Wednesday, October 04, 2006


For obvious reasons, this topic has been cropping up a lot lately. Though Yom Kippur is over, some random thoughts about teshuva:

I had a discussion over shabbos about the hardest part of teshuva. We concluded that the hardest part is also one of the most integral components of ensuring that the chayt doesn’t occur again. When a person sins, it is usually not merely for the thrill of sinning, not done simply to rebel against G-d (if it is, you have a much bigger problem). Usually, a sin is done because a person believes that it will benefit him in some way. For example, you steal an i-pod because you want to enjoy use of that i-pod. Or, you embarrass your friend because in some way that makes you feel superior. So the issue is this: how do you retroactively get rid of the pleasure that you got from your sin? How do you force yourself to realize that in reality you did not benefit at all—that in fact, you lost exponentially more than you gained? Though you may have returned the i-pod or apologized to your friend, you still have a memory of the enjoyment that you got from the sin. How do you change that memory from a pleasant one to one that repulses you at the very thought? If a person is successful in this area, I think it is virtually certain that the sin will not occur again, because it means that he has realized that there is nothing to gain from the sin, and everything to lose. But unfortunately, it is really hard to do. Any suggestions about how to accomplish this feat?

This topic also leads in to another discussion that I had on shabbos at the residence of a very illustrious j-blogger (who I was privileged to finally meet properly). The question was raised: would it be a good thing if, as part of the teshuva process, the memory of your sin would be erased? After confessing your sin and thoroughly regretting it, all memory that the sin occurred would disappear. On one hand, this would be a solution to the problem I described above—if you have no memory of the sin, you can’t remember the pleasure you got from it. Yet, I argued that overall it would not be a good thing. If you have no recollection of your sin and your consequent regret, what’s to keep you from repeating your mistake? The fact that you sinned in a specific area must mean that you have a yetzer hara for that sin—that for some reason you are compelled to do it. The thing that will keep you from doing it again is the memory that you tried it, and then realized how wrong it was—and that it was eminently not worth it. Without memory, you have no experience to learn from, so you will just keep falling into the same traps.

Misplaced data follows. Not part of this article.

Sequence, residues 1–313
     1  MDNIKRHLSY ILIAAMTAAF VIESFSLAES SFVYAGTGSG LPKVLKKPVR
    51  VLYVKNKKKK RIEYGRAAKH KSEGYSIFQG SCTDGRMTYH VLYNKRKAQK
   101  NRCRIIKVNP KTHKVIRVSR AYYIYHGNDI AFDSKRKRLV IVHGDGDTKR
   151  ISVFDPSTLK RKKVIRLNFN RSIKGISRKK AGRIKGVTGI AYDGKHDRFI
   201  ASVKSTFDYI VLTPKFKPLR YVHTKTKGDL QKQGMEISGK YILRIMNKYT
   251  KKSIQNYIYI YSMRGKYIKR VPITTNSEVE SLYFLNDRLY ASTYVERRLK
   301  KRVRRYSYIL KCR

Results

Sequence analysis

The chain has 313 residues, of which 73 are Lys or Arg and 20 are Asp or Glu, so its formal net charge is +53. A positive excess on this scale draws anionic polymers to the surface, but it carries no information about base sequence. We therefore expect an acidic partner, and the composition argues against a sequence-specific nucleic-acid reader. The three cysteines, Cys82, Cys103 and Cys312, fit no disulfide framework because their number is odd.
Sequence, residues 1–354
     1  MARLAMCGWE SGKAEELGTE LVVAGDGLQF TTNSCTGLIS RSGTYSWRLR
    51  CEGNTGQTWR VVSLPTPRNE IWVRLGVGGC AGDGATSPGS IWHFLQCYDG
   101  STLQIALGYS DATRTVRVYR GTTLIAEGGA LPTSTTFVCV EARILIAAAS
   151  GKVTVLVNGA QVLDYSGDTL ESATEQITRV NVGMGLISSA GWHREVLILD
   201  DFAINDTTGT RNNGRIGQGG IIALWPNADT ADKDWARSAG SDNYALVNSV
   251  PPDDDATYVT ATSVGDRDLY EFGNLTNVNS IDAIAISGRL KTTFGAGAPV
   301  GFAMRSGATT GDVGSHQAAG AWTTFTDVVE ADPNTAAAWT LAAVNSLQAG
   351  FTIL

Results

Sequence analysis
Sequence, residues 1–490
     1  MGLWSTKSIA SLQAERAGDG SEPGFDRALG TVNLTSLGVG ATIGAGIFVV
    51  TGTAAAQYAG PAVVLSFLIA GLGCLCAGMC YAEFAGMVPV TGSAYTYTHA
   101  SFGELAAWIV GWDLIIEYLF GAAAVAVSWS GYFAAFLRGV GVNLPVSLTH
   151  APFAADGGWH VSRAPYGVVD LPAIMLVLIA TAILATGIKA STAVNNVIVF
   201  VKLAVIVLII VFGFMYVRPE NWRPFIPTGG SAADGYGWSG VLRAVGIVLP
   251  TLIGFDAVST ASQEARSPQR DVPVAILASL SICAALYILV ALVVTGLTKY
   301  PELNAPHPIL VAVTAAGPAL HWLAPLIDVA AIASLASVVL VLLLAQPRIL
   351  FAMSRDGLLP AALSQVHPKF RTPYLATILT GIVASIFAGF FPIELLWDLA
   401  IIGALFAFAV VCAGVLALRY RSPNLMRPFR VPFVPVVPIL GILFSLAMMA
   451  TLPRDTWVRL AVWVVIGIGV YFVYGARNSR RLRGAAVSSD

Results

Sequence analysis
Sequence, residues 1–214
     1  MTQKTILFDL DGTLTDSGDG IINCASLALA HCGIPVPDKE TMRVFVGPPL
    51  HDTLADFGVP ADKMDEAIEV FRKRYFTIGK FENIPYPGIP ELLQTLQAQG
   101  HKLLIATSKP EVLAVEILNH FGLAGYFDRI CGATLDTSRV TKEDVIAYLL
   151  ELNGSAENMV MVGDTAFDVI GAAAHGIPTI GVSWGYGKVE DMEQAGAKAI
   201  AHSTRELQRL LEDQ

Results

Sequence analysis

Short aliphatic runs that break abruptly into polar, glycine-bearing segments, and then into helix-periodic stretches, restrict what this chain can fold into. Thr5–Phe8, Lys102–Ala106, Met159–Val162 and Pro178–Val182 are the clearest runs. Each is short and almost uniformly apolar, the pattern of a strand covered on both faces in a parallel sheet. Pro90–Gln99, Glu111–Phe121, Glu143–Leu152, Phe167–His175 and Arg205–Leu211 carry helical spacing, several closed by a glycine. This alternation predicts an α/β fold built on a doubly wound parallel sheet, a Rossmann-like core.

HilaHoney said...


Thanks for the comment and welcome to the J-blogosphere!

To answer your question, no, I haven't encountered that kind of hostility yet (well, not outright hostility anyway) but I have been rejected, I guess you could say, when I felt it wasn't necessary (or nice, for that matter :)...

Sometimes I think that Jews-by-birth think that we (I mean those of us converting) don't "know" that we aren't fully Jewish yet, so they feel the need to point that out. While of course I wouldn't want to do something I'm "not supposed to" and would want someone to correct me if I was doing something wrong/ not allowed, I have experienced some people making it a big point to "out" me.

Fortunately, B"H, this has not by any means been the majority of the reactions I've gotten. In fact, I have been welcomed with open arms by the vast majority of Jews I have encountered---otherwise I don't think I'd have been as committed to head down this path.

I hope you do find some free time to blog while you're at school---I know it gets hectic and things seem to just get lost in the crowd, so to speak. Good luck with your studies and I hope to hear from you soon!

Kol tuv,


Ezzie said...

"Very illustrious"?! Haha. You must mean that Tumor guy... ;)

I think (on second thought) that you're still correct. 'Tis better to remember to best learn the lesson.

So how do we realize the 'bad'? It depends on the sin at hand. If it's bein adam l'chavero, it's simpler - would we want the same done to us. Do we understand how it negatively impacts the world. Do we see how terrible it would be if others all did the same. Etc. There are many different ways of going about it when it's bein adam l'chavero.

Bein adam l'makom is much harder. If you get an answer, please tell it to me.

Moshe said...

"Very illustrious"?! Haha. You must mean that Tumor guy... ;)

Very funny, ezzie. Yah, that's probably what she meant!